Summary and Analysis
Chapter 33 - Henchard's Resentment Is Inflamed
One Sunday Henchard takes part in the after-church discussion and song-fest which the townspeople and the choir members hold at the Three Mariners. He sees Donald and Lucetta leaving church, and under the influence of drink, forces the members of the choir to sing one of the Psalms, which contains a curse against the man of "ill-got riches." When Farfrae passes, Henchard tells the dismayed company that the curse was meant for him. Elizabeth-Jane arrives and takes Henchard home. While walking with him she hears Henchard make veiled threats against Donald. She resolves to warn Donald as soon as it becomes necessary.
Henchard's misery is intensified by the pitying looks he gets from Abel Whittle. Elizabeth-Jane offers to help Henchard in Abel's place. Her reason for helping is to observe Henchard and Donald when they come face to face. One day Lucetta accompanies Donald into the yard, but wanders away and accidentally confronts Henchard. Henchard bitterly feigns servility to Lucetta. The next morning Henchard receives a note from Lucetta which asks him to behave with less bitterness toward her if they should meet again.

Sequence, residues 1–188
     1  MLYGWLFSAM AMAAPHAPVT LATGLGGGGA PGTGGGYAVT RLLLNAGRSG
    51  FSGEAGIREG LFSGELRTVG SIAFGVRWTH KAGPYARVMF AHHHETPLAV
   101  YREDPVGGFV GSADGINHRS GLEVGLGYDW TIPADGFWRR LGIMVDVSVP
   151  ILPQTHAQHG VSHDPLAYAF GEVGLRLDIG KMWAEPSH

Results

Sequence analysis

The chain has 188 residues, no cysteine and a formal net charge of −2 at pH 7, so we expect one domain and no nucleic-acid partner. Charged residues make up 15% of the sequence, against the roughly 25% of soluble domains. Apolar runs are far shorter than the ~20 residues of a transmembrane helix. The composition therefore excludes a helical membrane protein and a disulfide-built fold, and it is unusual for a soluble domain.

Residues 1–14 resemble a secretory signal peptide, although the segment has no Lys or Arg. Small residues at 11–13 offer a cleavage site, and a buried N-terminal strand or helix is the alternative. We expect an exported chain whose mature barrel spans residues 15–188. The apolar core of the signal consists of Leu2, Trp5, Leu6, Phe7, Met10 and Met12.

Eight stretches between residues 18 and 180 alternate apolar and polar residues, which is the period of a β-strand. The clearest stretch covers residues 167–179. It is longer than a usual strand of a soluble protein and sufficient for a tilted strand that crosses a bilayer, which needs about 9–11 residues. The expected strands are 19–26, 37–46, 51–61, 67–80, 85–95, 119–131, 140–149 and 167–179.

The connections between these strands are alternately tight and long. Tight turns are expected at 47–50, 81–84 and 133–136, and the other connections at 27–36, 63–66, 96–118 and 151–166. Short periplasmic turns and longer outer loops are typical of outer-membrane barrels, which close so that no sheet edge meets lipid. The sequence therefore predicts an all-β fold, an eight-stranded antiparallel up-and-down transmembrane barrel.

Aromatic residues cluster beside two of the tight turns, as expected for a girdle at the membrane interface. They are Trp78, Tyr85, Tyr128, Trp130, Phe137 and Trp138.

Henchard realizes that this letter places Lucetta in a compromising position, but he destroys it rather than use it against her.
Elizabeth-Jane begins to bring Henchard tea in order to keep him away from stronger drink. One day she arrives to find Henchard and Donald standing near the open door on the top floor of the corn building. Elizabeth-Jane sees Henchard make a furtive gesture as if he intended to push Donald out the opening to his death. This so frightens her that she resolves to inform Donald of her stepfather's mental state.
This chapter shows Henchard becoming more and more bold in his threats against Farfrae as a result of his heavy drinking. As time passes, Donald begins to look upon Henchard as an ordinary worker. Of course this is a hint that such an attitude will have its effect upon Henchard. The one implausible element in the chapter is Lucetta's ignorance of Henchard's employment. Even though Donald has taken pains to ignore the new relationship between Henchard and himself, in a town which seems to thrive upon gossip it would appear strange that such a newsworthy item as Henchard's ironic employment had not reached Lucetta's ears. Even stranger is the fact that Donald has not informed her.
The loft is a vivid and appropriate setting for the incident Elizabeth-Jane spies when bringing tea.
Stonehenge a famous monument dating back to prehistoric times, consisting of stone pillars placed in a circular fashion.
"We've let back our strings . . ." We've loosened the strings (on the instruments).
rantipole rubbish rough or boisterous language or verses sung to accompany a procession which contains an acted out scene of a man beating his wife ( the rantipole ride).
trap a trap-door.